I have exciting news: both Honey and Dorothy have started nesting and laying eggs, and I know where both of the nests are. The bad news is that Honey has nested on a ledge on the wrong side of the building (the “non-pond” side), and her nest is 2.5 floors up from a cement porch. That would mean that her ducklings would land on cement when they leap, and that’s not good at all. But don’t worry—Professor Ceiling Cat (Emeritus) and the University of Chicago Facilities are on the problem, which won’t occur for another five weeks or so. I promise that the ducklings will have a soft landing.
But more about the eggs, and Honey’s nest, in a day or two. Here are some photos from Botany Pond.
First, here’s a video of the handsome and ever polite Wingman escorting Honey and Dorothy around the pond. Dorothy is in the lead at first.
Wingman is always on the watch. He often patrols the bank when the hens are feeding, neglecting to feed himself while he watches over the inseminated hens (I’m sure he’s the father of both broods). He’s clearly protecting his genes!
Here’s Dorothy standing on a second-floor ledge on March 30, the day before I spotted her nest. Can you see her? Her nest is now one floor above, on the north end of the building (to the left).
Here she is!
You can tell from the bill that this is Dorothy, for she has a black dot on the left side underneath the nostril.
THIS is where she’s building her nest:
Below is a video of how she’s doing it. Mallards aren’t great at making neat nests: they roughly scrape together grass, leaves and twigs, and usually always nest on the ground. But here we have a case of a wild, ground-nesting species adapting to an urban habitat by nesting in safe but rather inconvenient places (mallard ducklings aren’t well adapted for the big drop to the pond, though they do it okay). The one concession to comfort that a mother mallard makes is lining her nest with soft feathers that she plucks from her breast. We’re not at that stage yet.
Honey and Dorothy will both lay one egg a day until their clutch (about 10-15 eggs) is complete. Then they sit down tight on all the eggs so that incubation and development starts simultaneously for all the eggs. This in turn ensures that all the ducklings hatch within one 24-hour period, so they can all head (jump in this case!) to the pond with their mother. She turns the eggs just so with her bill, ensuring that they all are equally and uniformly exposed to her body heat.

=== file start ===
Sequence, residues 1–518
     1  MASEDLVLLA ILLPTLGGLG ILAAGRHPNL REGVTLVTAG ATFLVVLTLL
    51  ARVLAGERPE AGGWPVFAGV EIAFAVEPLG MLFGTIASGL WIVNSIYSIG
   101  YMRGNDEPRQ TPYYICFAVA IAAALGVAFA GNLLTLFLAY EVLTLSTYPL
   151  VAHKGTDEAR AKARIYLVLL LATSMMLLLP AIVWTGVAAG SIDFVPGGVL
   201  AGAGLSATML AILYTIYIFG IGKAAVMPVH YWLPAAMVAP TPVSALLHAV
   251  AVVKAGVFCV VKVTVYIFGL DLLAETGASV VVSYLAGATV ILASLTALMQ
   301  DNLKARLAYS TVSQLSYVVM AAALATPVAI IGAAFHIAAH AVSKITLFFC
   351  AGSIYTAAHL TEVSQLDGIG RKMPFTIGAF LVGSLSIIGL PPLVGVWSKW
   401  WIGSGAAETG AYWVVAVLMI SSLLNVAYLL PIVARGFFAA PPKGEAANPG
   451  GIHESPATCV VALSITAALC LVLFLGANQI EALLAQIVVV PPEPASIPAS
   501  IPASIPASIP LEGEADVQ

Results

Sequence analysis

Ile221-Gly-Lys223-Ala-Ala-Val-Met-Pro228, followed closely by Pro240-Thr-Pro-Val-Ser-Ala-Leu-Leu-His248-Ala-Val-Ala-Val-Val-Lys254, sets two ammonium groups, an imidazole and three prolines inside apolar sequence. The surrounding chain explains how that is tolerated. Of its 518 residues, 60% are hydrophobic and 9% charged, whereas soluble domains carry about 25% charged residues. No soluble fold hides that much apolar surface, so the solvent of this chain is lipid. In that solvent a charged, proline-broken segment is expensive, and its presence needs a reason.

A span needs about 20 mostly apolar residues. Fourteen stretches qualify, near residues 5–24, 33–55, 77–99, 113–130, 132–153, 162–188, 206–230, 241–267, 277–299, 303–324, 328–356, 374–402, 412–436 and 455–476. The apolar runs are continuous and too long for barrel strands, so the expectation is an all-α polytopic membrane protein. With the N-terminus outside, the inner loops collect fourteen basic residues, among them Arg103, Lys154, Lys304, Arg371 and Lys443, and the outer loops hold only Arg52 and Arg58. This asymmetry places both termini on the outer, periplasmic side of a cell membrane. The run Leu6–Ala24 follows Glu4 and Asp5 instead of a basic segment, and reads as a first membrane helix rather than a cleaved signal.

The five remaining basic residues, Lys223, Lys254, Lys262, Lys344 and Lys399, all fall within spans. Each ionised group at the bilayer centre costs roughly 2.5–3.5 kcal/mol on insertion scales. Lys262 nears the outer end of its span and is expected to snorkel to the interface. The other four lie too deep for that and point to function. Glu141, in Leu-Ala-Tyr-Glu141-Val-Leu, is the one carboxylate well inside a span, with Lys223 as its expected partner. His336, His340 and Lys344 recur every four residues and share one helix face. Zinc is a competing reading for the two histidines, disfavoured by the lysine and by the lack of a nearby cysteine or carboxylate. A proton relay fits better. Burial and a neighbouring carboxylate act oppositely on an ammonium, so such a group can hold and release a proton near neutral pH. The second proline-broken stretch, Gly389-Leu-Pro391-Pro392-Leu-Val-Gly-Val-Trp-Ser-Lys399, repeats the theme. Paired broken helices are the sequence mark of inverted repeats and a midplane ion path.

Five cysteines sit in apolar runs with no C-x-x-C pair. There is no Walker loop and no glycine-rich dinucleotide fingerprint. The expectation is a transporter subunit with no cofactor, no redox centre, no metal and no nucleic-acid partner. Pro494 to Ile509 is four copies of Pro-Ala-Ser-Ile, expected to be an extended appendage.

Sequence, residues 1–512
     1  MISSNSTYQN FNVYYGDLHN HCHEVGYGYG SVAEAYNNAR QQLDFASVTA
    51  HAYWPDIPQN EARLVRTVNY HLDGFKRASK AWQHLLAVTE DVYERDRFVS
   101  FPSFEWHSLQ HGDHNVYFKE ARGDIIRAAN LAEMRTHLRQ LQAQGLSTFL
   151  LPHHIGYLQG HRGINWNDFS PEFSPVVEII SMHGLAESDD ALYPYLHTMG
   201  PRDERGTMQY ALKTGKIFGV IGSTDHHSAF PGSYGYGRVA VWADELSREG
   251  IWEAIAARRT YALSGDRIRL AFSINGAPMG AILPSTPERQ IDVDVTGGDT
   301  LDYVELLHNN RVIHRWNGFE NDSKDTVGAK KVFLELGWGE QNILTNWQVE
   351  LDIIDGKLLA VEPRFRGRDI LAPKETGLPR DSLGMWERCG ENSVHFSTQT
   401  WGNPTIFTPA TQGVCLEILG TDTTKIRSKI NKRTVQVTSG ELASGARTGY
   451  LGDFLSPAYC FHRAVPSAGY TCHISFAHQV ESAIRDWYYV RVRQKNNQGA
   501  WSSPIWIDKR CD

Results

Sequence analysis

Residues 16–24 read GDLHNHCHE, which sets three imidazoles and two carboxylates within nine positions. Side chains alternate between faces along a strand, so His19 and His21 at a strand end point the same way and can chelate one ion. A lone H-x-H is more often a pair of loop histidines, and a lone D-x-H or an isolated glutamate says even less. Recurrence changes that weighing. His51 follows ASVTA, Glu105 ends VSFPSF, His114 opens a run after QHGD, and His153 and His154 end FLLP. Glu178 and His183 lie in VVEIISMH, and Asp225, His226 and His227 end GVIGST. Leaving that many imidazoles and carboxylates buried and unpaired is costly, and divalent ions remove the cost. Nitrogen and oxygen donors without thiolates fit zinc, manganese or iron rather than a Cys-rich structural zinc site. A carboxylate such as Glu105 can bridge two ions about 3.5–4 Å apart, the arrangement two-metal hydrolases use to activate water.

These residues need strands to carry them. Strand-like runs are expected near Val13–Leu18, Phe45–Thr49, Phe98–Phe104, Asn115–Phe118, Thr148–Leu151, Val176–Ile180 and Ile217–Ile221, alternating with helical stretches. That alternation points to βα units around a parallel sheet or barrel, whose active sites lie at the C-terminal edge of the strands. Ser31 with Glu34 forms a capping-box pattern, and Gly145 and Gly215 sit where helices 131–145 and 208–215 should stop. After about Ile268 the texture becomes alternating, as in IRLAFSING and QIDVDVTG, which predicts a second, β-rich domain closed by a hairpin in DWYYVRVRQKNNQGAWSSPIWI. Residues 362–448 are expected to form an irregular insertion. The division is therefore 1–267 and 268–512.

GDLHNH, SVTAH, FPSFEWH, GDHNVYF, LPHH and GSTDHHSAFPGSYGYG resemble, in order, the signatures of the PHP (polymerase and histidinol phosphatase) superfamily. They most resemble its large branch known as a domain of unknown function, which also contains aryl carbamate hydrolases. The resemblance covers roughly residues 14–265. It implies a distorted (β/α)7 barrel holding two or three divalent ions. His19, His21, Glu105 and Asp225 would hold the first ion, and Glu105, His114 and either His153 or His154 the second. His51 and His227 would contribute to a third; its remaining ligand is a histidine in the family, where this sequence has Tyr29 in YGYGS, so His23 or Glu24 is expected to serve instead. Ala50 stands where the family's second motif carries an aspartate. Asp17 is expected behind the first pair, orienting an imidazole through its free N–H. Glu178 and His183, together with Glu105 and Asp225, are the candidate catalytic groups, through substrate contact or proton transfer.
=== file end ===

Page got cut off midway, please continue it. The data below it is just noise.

In the case of Dorothy and Honey, their ducklings will hatch within a few hours of each other and leap off the ledge to the ground, with Mom in the pond egging them on by making calls that they’ve learned to recognize in the egg. Here you go—a rare video of Dorothy plucking dead leaves and twigs from the Virginia Creeper to make a nest (she chose that ledge because it has a lot of the plant material to form a scaffold for her eggs).
Since the hens are still laying, they are on the nest only when squeezing out an egg, and they’re eating and swimming the rest of the time. When all the eggs are laid, the hens will disappear from the pond for about 28 days and sit tight on the eggs until they hatch. They may fly down for a drink and a quick feed, but only for an hour at most. I will know they’re incubating because I won’t often see them, and that’s when I’ll begin timing the period until Facilities and I work together to build a landing cushion under both nests. We’ll have the cushions out about 4 days before the scheduled launches.
Dorothy making her nest:
In the meantime, the hens are enjoying their last days of childless freedom, disporting themselves in the water. But they remember that they evolved for one “reason”: to replicate their genes by making more ducks.
Honey (bottom) and Dorothy (middle) escorted by Wingman:
Although I feed them, they’re getting picky, favoring mealworms over duck chow. And they often dabble to get food from the bottom:
After lunch, as always, they head to the concrete rings for a preen, a drink, a scratch, and a nap:
The joys of duckhood! (Honey’s to the rear.)
Here’s the view of the pond (through Venetian blinds) that I have from my office. I can clearly see what’s going on down there: in this case all three ducks are resting on the center ring.